Source: Wikimedia Google the word “thought” and you will find this uninformative, circular definition: “an idea or opinion produced by thinking, or occurring suddenly in the mind.” The Merriam-Webster dictionary defines “think” in a similarly unhelpful way: “to form or have in the mind.” But what actually is a thought? A thought is a representation of something. A representation is a likeness—a thing that depicts another thing by having characteristics that correspond to that other thing. For example, a picture, image, imprint or mold of an object is a representation of that object. A map is another example of a representation. The mind is a kind of map. The brain, and its functional product the mind, evolved as a map of the body’s relation to its external environment. Fundamentally, our thoughts are maps representing and corresponding to things that our brains have either perceived with our senses, felt with our … [Read more...] about What Actually Is a Thought? And How Is Information Physical?
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Source: Wikimedia commons Lysenko (extreme left) with Stalin (extreme right) Trofim Denisovich Lysenko (1898-1976) had little scientific education, and was promoted thanks to a post-revolutionary program of positive discrimination in favor of peasants in the early days of the USSR. Set the task of acclimatizing beans in Azerbaijan, Lysenko got promising results, thanks to the mild winter of 1925-6. In 1927, a journalist on Pravda publicized Lysenko as “the barefoot professor” whose discoveries would save the peasants of Azerbaijan from starvation. Despite a total lack of scientific evidence, Lysenko went on to orchestrate a noisy press campaign in favor of his belief that plants could be “educated” to grow in adverse climates. According to him, plants were indivisible organisms, without separate hereditary or environmental influences. He attributed what amounted to free will to plants, which could not only select food, but also enter into “love … [Read more...] about The Lasting Lesson of Lysenko
In 20ll, I authored a book: When Food is Family: A loving guide to heal eating disorders. Among one of the very first professional comments I received on one significant eating disorder professional message board was from a local colleague. The criticism of my book was strong and accusations made that I was turning back the eating disorder clock in terms of understanding etiology. The comments were also divisive, in what felt like at the moment, to further polarize professional discourse by categorically asserting that eating disorders were genetically determined. Most of the reflections and comments, however, over the course of several weeks on the professional message board were very favorable and challenging of comments that were rigidly and exclusively aligned with a genetic understanding of eating disorders. The majority acknowledged me for taking steps to bridge the schism in the professional field regarding etiology. There were … [Read more...] about Eating Disorders: How Far We Have Come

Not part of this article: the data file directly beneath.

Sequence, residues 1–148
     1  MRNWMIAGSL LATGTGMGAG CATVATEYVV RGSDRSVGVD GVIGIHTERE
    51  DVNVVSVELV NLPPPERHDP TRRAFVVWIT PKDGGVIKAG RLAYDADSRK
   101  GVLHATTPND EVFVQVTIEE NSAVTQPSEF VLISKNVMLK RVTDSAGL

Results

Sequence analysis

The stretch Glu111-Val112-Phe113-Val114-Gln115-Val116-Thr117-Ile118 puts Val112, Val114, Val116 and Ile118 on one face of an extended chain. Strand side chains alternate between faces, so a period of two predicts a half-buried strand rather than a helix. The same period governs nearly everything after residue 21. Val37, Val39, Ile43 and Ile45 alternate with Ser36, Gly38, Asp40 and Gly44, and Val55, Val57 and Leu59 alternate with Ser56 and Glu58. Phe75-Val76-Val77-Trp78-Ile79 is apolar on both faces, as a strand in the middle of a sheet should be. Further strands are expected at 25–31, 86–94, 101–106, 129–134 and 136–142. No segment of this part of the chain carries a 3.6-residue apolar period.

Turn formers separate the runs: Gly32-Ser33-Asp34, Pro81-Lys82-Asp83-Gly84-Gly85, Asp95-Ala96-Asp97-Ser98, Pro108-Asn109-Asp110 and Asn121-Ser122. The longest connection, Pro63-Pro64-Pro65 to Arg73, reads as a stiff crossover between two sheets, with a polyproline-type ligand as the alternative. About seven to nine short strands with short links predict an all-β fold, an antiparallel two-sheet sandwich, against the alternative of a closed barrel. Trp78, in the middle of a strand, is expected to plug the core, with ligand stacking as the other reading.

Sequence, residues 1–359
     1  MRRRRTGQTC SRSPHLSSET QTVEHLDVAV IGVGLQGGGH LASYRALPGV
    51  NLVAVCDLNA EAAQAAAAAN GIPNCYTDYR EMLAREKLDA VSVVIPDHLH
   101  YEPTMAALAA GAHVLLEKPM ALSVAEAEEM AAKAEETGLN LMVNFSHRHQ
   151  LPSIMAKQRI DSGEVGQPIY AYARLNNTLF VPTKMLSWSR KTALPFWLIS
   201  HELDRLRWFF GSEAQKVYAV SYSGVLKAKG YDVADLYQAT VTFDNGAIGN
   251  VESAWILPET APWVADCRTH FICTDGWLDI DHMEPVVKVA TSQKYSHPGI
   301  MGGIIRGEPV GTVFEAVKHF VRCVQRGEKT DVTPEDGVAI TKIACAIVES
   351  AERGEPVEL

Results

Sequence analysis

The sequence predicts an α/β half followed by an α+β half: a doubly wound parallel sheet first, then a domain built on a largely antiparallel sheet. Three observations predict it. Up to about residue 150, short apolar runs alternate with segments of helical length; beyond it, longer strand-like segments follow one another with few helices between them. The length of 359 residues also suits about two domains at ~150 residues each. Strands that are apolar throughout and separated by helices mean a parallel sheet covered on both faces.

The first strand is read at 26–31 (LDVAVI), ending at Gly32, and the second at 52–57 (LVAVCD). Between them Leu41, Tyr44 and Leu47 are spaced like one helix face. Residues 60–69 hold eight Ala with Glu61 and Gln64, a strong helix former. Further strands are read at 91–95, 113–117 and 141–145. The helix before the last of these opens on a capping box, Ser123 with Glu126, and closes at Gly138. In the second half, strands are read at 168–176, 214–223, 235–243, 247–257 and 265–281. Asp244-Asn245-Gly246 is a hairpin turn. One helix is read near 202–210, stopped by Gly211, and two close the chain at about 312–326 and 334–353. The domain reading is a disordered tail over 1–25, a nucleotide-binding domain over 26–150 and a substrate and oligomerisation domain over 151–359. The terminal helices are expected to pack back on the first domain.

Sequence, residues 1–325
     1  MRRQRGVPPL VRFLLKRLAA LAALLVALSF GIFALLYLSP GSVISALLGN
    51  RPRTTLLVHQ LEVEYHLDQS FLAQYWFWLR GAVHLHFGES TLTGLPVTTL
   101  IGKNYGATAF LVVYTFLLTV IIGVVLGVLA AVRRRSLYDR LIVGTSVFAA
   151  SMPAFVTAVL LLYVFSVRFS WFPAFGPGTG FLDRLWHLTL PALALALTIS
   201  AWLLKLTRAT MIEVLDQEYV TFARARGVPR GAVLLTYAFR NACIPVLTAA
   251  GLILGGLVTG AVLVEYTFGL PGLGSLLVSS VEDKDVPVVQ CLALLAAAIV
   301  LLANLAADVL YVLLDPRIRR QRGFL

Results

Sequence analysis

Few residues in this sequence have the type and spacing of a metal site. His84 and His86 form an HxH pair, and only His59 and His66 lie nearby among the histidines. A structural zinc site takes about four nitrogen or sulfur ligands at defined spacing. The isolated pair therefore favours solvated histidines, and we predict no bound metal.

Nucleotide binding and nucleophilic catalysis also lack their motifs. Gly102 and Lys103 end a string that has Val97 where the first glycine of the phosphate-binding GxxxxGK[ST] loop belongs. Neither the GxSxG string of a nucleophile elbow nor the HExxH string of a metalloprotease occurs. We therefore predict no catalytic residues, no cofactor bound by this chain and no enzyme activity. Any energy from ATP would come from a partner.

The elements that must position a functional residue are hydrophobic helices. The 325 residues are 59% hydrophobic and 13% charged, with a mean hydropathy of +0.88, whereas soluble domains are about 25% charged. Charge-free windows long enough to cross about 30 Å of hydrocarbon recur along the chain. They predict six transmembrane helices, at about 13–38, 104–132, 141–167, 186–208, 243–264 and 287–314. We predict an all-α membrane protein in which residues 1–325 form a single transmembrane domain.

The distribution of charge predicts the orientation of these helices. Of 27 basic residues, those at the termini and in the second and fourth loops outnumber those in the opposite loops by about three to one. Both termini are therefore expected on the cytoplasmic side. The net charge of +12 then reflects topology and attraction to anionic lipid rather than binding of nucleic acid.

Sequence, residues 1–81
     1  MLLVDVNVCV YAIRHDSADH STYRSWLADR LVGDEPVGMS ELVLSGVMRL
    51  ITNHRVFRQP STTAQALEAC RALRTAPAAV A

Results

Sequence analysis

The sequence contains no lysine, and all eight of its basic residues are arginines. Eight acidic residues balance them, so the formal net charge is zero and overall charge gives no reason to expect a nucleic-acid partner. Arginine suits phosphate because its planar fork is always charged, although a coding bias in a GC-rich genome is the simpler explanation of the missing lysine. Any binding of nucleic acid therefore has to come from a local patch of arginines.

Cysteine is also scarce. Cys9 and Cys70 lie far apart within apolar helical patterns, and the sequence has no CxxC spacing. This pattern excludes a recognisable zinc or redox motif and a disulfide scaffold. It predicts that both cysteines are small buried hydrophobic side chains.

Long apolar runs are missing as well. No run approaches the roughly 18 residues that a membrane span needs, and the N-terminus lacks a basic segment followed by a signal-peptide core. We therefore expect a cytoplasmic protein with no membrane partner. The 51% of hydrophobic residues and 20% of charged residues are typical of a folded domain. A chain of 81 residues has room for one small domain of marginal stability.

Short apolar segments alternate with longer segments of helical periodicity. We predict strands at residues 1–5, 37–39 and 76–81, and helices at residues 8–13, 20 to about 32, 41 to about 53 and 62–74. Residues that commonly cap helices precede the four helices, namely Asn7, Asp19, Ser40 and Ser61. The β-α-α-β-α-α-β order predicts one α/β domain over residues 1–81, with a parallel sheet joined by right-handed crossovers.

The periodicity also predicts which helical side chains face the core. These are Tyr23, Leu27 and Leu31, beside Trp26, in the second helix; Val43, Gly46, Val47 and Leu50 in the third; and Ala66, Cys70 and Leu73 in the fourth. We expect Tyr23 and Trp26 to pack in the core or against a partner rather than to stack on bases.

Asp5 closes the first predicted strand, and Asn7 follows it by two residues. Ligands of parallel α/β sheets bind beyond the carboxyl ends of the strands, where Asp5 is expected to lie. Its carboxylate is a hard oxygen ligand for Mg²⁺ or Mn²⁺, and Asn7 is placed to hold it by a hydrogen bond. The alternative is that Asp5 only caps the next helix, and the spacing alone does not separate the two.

Source: Free Stock Photos Is your mind wandering? The Practice: Why? Moment to moment, the flows of thoughts and feelings, sensations and desires, and conscious and unconscious processes sculpt your nervous system like water gradually carving furrows and eventually gullies on a hillside. Your brain is continually changing its structure. The only question is: Is it for better or worse? In particular, because of what's called "experience-dependent neuroplasticity," whatever you hold in attention has a special power to change your brain. Attention is like a combination spotlight and vacuum cleaner: it illuminates what it rests upon and then sucks it into your brain - and your self. Therefore, controlling your attention - becoming more able to place it where you want it and keep it there, and more able to pull it away from what's bothersome or pointless (such as looping again and again through anxious preoccupations, mental grumbling, or self-criticism) - is the foundation of … [Read more...] about Is Your Mind Wandering?
Source: Robert Indiana, Yale Digital Commons In an age of Internet love matches and instant sex hook-ups there may be some hope for romance. The magazine, “Humanities,” highlighted the work of Philip Kelley in October. He is compiling some 11,601 pieces of correspondence between Victorian poets Robert and Elizabeth Barrett Browning, including their love letters. And the Journal of Popular Romance Studies is calling for papers this month for a special edition "Critical Love Studies" exploring love from romance to friendship. Today women are bombarded with advice from magazines on achieving “the big O” while men puzzle about love, obsess about size, or -- as do some young women -- take the "Tinder" way out for instant sex devoid of love and romance. During the days of courtly love, men wooed women and sang love songs to them. Women wrote adoring letters and pinned for men who were off fighting battles for the King. They … [Read more...] about 15 Ways to Reclaim Romance, Love, and Intimate Pleasure